by Heather

October 19, 2010

Yesterday, 18 October 2010 new Guidelines for resuscitation were released by the UK Resuscitation council following a review of best practice.
It is well recognised that initiating the Chain of Survival improves outcomes and leads to more people surviving cardiac arrest.

Basic CPR is unlikely to restart a heart that has stopped beating, but it does help keep blood flowing to the brain and helps keep that functioning so that when a defibrillator is used hopefully the heart will restart.

The chest compression component of CPR is therefore crucial in generating that blood flow. As such although the changes that have been made are fairly minimal from a first aid point of view, emphasis has been made on ensuring that good quality chest compressions are achieved in order to minimise the time spent without blood flowing around the body.

Resuscitation Changes

Compression plus Rescue Breaths:

This continues to be the best method of CPR for trained lay-people (i.e. first aiders etc) and healthcare professionals.  Adjustments to guidelines are as follows…

Compressions need to be faster and harder than before. Compressions should now be a rate of 100-120 per minute and should be pushed down to a depth of 5-6 cm.

Changes have also focused on the need to ask for an Automatic External Defibrillator (AED) if one is available when calling for help (999).

The guidance states :

Those that have been trained i.e. First aiders and those people with a duty of care such as  lifeguards and childminders should continue to do mouth to mouth ventilations as part of the sequence shown below.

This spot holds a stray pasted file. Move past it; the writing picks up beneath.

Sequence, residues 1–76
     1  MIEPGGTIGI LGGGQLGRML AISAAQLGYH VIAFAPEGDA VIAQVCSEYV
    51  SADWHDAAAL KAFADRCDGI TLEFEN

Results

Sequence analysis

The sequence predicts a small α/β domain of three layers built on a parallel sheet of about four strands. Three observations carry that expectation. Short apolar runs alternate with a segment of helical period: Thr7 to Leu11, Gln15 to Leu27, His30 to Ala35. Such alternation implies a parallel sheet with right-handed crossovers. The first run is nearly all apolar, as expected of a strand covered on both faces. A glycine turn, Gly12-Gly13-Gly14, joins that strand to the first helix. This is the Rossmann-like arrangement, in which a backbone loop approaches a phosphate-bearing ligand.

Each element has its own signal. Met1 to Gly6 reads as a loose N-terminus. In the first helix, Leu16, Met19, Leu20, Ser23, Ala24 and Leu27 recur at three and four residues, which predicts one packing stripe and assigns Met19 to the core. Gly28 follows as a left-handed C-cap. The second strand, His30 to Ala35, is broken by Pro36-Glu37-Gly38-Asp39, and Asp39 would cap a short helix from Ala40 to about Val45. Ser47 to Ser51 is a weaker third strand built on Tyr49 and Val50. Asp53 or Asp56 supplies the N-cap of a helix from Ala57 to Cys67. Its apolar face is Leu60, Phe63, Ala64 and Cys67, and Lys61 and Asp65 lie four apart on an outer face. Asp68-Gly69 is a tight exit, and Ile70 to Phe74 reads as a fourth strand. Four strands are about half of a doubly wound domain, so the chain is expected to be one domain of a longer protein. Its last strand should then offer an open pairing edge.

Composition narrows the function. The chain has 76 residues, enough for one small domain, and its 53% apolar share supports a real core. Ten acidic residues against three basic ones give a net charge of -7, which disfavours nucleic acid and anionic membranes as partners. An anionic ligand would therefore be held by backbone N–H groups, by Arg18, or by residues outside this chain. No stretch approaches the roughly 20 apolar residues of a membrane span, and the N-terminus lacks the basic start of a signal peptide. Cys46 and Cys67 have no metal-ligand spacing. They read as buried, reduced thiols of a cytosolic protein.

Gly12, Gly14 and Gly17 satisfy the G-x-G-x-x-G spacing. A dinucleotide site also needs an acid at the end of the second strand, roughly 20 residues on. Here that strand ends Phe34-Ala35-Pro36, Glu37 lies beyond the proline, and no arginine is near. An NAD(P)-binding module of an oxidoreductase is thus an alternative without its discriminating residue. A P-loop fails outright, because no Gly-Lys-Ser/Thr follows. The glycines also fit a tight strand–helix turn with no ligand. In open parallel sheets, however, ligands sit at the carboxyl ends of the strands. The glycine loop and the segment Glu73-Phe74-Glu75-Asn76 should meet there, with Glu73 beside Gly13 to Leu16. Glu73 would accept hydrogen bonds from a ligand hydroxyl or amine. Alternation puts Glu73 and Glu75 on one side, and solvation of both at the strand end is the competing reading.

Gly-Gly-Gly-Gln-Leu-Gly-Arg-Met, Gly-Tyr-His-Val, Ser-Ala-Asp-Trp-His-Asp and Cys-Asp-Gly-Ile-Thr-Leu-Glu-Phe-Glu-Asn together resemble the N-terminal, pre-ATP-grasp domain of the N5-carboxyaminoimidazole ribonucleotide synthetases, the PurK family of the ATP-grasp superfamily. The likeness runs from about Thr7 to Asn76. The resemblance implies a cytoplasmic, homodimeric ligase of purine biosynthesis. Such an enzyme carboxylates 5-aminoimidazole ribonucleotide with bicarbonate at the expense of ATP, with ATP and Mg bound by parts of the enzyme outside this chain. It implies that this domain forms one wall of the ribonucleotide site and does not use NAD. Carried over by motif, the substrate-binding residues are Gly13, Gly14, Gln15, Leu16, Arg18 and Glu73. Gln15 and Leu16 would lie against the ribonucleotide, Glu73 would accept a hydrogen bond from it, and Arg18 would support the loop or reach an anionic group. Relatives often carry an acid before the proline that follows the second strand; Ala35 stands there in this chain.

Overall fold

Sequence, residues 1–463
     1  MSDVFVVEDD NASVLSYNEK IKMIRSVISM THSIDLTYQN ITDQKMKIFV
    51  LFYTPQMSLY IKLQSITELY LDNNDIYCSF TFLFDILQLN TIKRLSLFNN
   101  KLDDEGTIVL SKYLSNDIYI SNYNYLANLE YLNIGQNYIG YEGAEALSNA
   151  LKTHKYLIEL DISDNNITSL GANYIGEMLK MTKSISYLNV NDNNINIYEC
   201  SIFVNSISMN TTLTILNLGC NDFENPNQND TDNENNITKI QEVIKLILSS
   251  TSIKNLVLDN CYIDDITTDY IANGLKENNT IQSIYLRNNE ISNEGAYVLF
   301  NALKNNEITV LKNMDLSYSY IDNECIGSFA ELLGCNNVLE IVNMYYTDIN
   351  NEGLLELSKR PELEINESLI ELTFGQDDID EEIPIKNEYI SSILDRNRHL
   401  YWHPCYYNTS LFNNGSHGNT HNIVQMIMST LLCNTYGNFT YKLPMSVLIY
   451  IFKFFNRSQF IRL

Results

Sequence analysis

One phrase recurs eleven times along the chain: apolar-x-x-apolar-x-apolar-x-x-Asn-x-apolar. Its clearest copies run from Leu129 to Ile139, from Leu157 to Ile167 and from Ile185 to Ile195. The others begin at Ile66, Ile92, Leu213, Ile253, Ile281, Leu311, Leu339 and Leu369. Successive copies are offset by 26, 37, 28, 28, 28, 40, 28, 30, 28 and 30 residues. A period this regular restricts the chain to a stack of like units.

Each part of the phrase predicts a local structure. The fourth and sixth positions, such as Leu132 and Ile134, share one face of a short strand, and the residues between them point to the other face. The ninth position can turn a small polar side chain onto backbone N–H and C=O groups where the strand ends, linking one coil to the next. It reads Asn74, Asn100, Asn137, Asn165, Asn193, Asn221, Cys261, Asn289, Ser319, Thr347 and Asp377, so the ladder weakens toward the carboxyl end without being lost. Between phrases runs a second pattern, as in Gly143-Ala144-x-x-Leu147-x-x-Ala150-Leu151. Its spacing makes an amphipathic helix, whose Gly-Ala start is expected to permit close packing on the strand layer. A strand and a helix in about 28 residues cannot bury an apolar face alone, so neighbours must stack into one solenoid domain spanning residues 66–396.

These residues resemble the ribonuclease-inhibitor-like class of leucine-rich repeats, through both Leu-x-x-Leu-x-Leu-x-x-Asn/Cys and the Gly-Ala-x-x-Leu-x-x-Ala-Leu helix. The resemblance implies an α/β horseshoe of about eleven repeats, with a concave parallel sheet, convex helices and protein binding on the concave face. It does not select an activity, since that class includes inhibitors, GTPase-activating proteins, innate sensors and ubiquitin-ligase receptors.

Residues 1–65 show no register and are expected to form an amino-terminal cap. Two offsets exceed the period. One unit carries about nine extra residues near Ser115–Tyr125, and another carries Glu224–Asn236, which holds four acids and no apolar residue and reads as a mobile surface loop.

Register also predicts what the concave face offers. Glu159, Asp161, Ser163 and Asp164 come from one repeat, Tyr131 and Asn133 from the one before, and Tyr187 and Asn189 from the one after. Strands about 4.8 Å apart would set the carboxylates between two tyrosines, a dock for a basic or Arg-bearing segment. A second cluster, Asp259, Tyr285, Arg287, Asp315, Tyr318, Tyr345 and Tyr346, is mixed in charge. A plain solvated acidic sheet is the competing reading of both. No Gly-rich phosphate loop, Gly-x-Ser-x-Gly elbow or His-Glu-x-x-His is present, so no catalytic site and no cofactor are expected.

Compression-only CPR

  • If you are not trained to, or are unwilling to give rescue breaths, give chest
    compressions only.
  • If chest compressions only are given, these should be continuous at a rate of
    100 – 120 per minute.
  • Stop to recheck the victim only if he starts to show signs of regaining
    consciousness, such as coughing, opening his eyes, speaking, or moving
    purposefully AND starts to breathe normally; otherwise do not interrupt
    resuscitation.
  • Continue resuscitation until:
    • qualified help arrives and takes over
    • the victim starts to show signs of regaining consciousness, such as
      coughing, opening his eyes, speaking, or moving purposefully AND starts to
      breathe normally, OR
    • you become exhausted.

For further reading and information please see

www.resus.org.uk

About the author 

Heather

Heather is co-owner and Director of Training of HTS Training Ltd - the specialist first aid training providers. She has been a registered nurse for over 25 years, and has been training first aid commercially for more than 15 years.

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